Cardiology:Radiofrequency Ablation (RFA) to Treat Atrial Fibrillation (FlutTER)
Atrial flutter is frequent (up to 400 per minute) rhythmic contractions of the atria. According to statistics, the problem is detected in approximately 1% of cardiac patients. The reason for this condition is appearance of a pathological wave of pulses circulating through the myocardium repeatedly. Pathology treatment depends on its type. For the chronic form of flutter, the physician may recommend radiofrequency ablation (RFA).
The method implies destruction (ablation) of a pathological focus of excitation with a high frequency current. The procedure is performed through a catheter, which is applied to the desired location under the X-ray monitoring. Therefore, the ablation is called "catheter ablation". The normal heart rhythm after RFA is restored in 80% cases.
The following conditions may become an obstacle to surgery:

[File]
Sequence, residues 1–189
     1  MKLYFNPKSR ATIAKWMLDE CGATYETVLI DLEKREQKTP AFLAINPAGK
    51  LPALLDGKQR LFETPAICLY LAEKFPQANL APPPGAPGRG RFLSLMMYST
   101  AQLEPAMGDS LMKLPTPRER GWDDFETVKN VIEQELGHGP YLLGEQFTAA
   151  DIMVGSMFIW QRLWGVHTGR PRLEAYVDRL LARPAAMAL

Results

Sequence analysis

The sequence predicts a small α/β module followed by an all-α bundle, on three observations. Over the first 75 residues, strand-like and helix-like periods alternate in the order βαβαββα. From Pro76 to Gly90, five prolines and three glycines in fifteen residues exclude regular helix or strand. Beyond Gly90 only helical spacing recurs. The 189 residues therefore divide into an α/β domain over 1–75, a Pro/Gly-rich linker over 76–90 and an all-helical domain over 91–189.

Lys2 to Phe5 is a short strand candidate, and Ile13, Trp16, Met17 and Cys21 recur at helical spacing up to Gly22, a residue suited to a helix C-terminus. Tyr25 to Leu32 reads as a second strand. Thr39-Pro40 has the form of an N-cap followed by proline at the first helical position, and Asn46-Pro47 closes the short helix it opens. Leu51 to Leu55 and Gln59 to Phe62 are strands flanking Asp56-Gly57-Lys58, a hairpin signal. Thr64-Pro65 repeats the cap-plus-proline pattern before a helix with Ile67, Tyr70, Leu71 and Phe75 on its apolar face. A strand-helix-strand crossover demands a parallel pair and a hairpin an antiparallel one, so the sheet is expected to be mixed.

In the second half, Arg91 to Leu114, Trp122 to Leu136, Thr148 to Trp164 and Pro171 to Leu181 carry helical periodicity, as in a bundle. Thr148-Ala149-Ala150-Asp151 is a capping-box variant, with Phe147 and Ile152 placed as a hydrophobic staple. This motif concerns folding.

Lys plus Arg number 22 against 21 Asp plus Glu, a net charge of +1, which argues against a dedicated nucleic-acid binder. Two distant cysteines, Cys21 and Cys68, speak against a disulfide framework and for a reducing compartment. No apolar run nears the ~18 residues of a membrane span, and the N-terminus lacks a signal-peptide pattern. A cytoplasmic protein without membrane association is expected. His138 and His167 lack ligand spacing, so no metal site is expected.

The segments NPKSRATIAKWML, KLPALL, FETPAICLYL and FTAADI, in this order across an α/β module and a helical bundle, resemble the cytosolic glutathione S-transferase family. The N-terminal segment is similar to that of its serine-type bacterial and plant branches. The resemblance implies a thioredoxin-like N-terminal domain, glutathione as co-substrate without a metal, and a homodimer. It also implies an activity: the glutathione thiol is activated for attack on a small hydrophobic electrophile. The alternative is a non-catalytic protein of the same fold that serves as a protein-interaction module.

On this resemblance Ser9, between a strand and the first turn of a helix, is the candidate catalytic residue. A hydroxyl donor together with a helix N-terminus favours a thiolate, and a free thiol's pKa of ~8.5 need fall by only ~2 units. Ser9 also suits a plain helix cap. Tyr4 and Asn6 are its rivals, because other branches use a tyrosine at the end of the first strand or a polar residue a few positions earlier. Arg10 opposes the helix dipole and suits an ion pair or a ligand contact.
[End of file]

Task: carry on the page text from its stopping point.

- blood clots in the atria,
- uncorrected cardiac pathology,
- severe extracardiac diseases,
- electrolyte disorders.
On the eve of RFA, all patients are prescribed:
- 12-lead ECG,
- 24h (Halter) ECG monitoring,
- transesophageal echocardiography (to rule out the atrial thrombosis)
- ultrasound of large vessels (upon suspicion for the presence of blood clots)
- a set of laboratory tests (coagulation, blood tests for HIV, hepatitis and so on).
At the planning stage, the heart surgeon holds a discussion with the patient.
The intervention is performed without incisions. Through a vein in the thigh, the physician brings the catheter with electrodes to the right atrium. After identification of arrhythmogenic areas, they are exposed to RF energy. Manipulation precision is monitored by X-rays. During surgery, the patient remains in the waking state and follows the surgeon’s instructions.
After the procedure, the catheter is removed, and a pressure bandage is applied on the puncture site. The patient is transported to the ward. He is prescribed bed rest for a few hours. When the patient feels good, s/he is discharged from the hospital in 1 or 2 days.
After the Procedure
In order to prevent complications, the patient is recommended to take anticoagulants for 3 months. To determine the RFA effectiveness, the ECG monitoring is carried out. During the first year, the follow-up examinations are repeated every 3 months, and during the next 2 years, every 6 months. Upon successful outcome of the procedure, the patient does not need drug therapy.Hide